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An infinite energy?

  1. Sep 11, 2013 #1
    In gravitational field its a constant exchange of photons right? Then in ideal circumstances, if one object orbits the other one forever, then it means we get the exchange of photons forever right?which means infinite energy, I get that it can't be observed but thats possible for infinite energy to exist right?
     
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  3. Sep 11, 2013 #2

    ZapperZ

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    This appears to be your starting premise, and it is imperative that you get this right (which it isn't) FIRST and foremost. So can you please cite a proper source to back this up?

    If not, the rest of what you have written is moot, because it is based on a faulty concept.

    Zz.
     
  4. Sep 11, 2013 #3
    I read a thread on this forum :D
     
  5. Sep 11, 2013 #4
    Best to post the link to that thread.
     
  6. Sep 11, 2013 #5

    Drakkith

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    Not only is gravity not mediated by photons, but theoretically by gravitons, these gravitons would be virtual gravitons and you would not be able to get infinite energy.
     
  7. Sep 11, 2013 #6
    But things like planets, stars, even galaxies, are not ideal and do not 'orbit forever'....the orbits slowly decay.

    A short bit here:
    http://en.wikipedia.org/wiki/Orbital_decay#By_gravitational_radiation

    edit: just remembered this discussion is in "quantum physics'.....
    so better to check here:
    http://en.wikipedia.org/wiki/Atomic_orbital

    For subatomic particles, no gravity has yet been included in the Standard Model of Particle physics
     
  8. Sep 11, 2013 #7

    ZapperZ

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    This is lazy and unacceptable. Cite the link to the exact thread!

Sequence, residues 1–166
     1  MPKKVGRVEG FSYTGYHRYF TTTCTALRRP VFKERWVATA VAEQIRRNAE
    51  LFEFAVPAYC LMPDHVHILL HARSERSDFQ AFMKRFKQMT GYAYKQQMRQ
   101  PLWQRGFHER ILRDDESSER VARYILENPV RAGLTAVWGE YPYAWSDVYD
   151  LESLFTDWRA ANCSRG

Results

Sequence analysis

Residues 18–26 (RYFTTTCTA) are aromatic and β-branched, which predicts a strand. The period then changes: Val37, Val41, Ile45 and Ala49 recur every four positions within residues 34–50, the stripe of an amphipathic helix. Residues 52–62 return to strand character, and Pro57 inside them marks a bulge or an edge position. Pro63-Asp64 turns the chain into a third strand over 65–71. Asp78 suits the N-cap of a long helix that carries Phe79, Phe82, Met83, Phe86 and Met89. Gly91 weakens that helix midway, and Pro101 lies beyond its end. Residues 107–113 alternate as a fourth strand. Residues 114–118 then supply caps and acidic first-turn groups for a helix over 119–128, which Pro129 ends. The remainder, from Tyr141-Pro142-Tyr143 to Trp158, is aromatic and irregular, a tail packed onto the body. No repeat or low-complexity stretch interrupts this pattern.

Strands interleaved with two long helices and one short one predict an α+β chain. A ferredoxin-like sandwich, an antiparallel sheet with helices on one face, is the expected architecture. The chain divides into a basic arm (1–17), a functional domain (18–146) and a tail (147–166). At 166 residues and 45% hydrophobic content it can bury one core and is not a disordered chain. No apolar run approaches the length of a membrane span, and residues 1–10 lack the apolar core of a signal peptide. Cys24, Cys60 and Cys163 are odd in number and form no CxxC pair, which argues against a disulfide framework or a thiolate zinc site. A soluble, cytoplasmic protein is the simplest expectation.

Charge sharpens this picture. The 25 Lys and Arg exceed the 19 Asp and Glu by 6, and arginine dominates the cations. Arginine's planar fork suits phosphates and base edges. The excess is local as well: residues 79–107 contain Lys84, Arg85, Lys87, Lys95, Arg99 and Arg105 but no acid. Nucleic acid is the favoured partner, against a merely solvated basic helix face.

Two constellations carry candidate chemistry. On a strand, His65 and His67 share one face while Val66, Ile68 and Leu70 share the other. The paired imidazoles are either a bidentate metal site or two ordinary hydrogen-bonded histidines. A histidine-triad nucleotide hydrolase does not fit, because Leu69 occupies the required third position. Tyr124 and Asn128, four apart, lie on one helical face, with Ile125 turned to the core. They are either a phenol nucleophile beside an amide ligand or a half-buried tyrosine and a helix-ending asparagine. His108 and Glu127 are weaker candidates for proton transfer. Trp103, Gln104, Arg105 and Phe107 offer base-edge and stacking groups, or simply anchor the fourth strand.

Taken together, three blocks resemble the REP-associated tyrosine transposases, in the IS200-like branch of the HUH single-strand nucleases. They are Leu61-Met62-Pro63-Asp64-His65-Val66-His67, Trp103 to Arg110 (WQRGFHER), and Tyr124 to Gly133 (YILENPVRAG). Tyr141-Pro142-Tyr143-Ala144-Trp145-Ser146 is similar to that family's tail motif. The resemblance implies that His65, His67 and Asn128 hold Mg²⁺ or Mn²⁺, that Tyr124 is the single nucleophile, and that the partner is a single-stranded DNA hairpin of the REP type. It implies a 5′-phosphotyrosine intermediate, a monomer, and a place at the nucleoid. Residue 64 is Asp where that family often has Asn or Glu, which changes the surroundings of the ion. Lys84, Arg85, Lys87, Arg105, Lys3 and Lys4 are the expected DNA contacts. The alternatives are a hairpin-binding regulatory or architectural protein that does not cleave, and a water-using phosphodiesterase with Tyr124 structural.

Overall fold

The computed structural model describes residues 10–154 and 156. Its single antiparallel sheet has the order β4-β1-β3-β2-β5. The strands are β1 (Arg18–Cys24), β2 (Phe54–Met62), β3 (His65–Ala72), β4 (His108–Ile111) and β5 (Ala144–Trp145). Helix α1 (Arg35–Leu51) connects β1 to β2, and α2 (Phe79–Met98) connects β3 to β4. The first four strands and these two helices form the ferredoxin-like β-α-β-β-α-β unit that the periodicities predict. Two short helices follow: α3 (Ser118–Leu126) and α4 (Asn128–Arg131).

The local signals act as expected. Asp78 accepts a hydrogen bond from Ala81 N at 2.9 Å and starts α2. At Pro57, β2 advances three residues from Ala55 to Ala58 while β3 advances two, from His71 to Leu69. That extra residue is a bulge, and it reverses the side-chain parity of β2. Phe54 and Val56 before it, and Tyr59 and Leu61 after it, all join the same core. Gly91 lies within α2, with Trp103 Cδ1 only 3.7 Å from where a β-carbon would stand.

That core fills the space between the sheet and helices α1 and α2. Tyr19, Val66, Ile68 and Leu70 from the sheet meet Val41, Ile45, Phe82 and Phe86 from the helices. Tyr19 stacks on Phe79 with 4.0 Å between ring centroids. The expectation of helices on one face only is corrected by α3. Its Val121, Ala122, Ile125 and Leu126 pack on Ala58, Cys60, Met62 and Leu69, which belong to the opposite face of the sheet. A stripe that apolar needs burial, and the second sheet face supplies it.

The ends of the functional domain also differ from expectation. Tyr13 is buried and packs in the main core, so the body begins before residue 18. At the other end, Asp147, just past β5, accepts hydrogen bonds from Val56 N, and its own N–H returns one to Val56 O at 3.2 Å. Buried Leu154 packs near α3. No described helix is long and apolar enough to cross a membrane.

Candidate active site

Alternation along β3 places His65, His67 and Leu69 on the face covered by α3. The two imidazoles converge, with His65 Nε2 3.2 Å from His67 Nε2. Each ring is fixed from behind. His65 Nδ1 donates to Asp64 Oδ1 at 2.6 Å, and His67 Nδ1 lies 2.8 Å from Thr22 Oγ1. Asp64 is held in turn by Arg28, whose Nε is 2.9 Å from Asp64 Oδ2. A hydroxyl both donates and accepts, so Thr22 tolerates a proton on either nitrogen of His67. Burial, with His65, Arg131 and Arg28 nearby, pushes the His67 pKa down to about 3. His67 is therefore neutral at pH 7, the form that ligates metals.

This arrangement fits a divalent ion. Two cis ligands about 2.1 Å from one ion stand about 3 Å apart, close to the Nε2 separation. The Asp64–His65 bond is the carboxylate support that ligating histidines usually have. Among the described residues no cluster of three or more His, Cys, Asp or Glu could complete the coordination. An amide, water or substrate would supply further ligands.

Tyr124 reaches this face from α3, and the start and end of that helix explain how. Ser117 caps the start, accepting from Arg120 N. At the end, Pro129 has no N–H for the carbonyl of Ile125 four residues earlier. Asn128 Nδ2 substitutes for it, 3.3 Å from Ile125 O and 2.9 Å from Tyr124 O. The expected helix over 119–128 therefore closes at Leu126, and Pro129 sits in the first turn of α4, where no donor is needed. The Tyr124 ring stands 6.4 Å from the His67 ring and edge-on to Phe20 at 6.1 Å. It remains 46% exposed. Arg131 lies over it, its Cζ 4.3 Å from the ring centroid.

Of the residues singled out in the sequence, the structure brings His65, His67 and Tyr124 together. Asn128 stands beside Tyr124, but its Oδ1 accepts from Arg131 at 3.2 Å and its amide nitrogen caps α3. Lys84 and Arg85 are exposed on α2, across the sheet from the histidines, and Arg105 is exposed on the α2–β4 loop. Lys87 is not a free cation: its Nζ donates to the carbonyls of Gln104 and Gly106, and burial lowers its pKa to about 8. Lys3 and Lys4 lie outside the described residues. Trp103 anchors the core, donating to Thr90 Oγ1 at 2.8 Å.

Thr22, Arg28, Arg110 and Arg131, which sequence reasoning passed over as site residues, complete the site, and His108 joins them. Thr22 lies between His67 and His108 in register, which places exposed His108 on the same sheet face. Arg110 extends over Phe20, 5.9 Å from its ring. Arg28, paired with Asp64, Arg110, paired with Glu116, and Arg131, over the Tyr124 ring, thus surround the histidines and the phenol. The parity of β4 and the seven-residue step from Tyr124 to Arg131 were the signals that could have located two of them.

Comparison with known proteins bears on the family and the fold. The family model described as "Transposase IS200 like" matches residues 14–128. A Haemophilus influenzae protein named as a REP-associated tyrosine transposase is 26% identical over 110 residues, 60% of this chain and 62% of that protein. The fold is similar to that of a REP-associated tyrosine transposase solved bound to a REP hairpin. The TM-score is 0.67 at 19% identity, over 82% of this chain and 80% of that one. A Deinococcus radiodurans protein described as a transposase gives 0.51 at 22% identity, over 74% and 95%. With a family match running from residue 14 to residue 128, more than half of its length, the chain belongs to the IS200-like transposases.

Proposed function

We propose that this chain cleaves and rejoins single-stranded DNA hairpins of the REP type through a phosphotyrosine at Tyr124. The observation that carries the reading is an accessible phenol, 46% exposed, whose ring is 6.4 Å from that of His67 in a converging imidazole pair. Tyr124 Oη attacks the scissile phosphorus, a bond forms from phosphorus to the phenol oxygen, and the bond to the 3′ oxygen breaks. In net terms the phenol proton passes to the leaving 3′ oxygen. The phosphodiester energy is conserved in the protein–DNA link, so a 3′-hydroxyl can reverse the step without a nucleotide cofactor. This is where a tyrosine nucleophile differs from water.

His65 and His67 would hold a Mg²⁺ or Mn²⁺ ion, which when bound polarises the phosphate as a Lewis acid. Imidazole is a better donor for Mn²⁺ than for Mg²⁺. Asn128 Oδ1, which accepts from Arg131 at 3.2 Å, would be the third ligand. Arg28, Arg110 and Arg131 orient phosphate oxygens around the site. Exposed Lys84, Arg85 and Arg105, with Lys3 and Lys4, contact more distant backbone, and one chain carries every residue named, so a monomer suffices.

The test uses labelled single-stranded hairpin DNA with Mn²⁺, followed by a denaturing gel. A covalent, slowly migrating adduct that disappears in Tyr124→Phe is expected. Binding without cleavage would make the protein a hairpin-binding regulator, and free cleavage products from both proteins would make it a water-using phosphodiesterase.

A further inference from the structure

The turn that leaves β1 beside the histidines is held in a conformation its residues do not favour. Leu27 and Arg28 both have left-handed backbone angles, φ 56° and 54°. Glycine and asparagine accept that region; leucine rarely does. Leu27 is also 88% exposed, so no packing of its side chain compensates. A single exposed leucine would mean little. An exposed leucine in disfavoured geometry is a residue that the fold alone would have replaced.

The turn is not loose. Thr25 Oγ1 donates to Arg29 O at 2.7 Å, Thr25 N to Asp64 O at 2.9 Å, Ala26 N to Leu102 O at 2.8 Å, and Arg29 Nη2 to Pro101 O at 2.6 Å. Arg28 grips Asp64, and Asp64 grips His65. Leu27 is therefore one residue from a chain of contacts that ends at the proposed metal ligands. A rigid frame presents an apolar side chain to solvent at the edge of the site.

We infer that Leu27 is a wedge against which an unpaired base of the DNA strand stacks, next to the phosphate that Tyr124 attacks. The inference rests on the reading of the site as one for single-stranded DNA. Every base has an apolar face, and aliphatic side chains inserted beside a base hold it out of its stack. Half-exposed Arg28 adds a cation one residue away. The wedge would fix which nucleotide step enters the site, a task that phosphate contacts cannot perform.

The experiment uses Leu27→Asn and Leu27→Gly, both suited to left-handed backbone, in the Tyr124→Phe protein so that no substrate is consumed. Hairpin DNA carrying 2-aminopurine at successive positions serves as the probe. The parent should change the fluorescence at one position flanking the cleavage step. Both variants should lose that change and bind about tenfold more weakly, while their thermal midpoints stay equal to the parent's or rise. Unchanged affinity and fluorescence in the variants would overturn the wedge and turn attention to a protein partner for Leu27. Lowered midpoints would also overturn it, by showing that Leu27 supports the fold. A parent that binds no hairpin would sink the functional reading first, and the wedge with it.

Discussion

https://www.physicsforums.com/blog.php?b=2703 [Broken]

    Zz.
     
    Last edited by a moderator: May 6, 2017
  9. Sep 11, 2013 #8

    Drakkith

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    While true, even if they did not lose energy to gravitational waves, it would still not be infinite energy. I just want to make sure the OP understands that.
     
  10. Sep 12, 2013 #9
    I am really sorry for that, it was a long ago.I assume that it was about the electrical field and I somehow understood it that way

    Wait so what does "losing energy to gravitational waves" mean? By Newtonian mechanics it would have been easily explained, in ideal circumstances it would move evenly, which means no force,no energy.But it takes speed of light for gravitational field to travel right? So theres no quants of energy traveling?
     
    Last edited by a moderator: May 6, 2017
  11. Sep 12, 2013 #10

    Drakkith

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    In general relativity two orbiting bodies lose orbital energy by emitting waves in the metric, aka gravitational waves.

    In newtonian mechanics there is no such thing as a gravitational wave because there is no metric. Also, it is important to understand that a static field does not propagate. It is only changes in that field that propagate.

    Finally, don't confuse regular photons and other force carrier particles with their virtual counterparts. It is these virtual particles that mediate forces.
     
  12. Sep 12, 2013 #11

    ZapperZ

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    Then either your memory got corrupted, or you understood the wrong thing. This is why we require that you cite the source completely. After all, none of us here want to defend and explain something that is wrong.

    Gravity isn't mediated by photons. Photons (virtual ones) are responsible for all electromagnetic interactions as described using quantum field theory.

    So the starting premise of your thread is false.

    Zz.
     
  13. Sep 12, 2013 #12

    Akaisora

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    Use the search function and search for keywords to find the thread.
     
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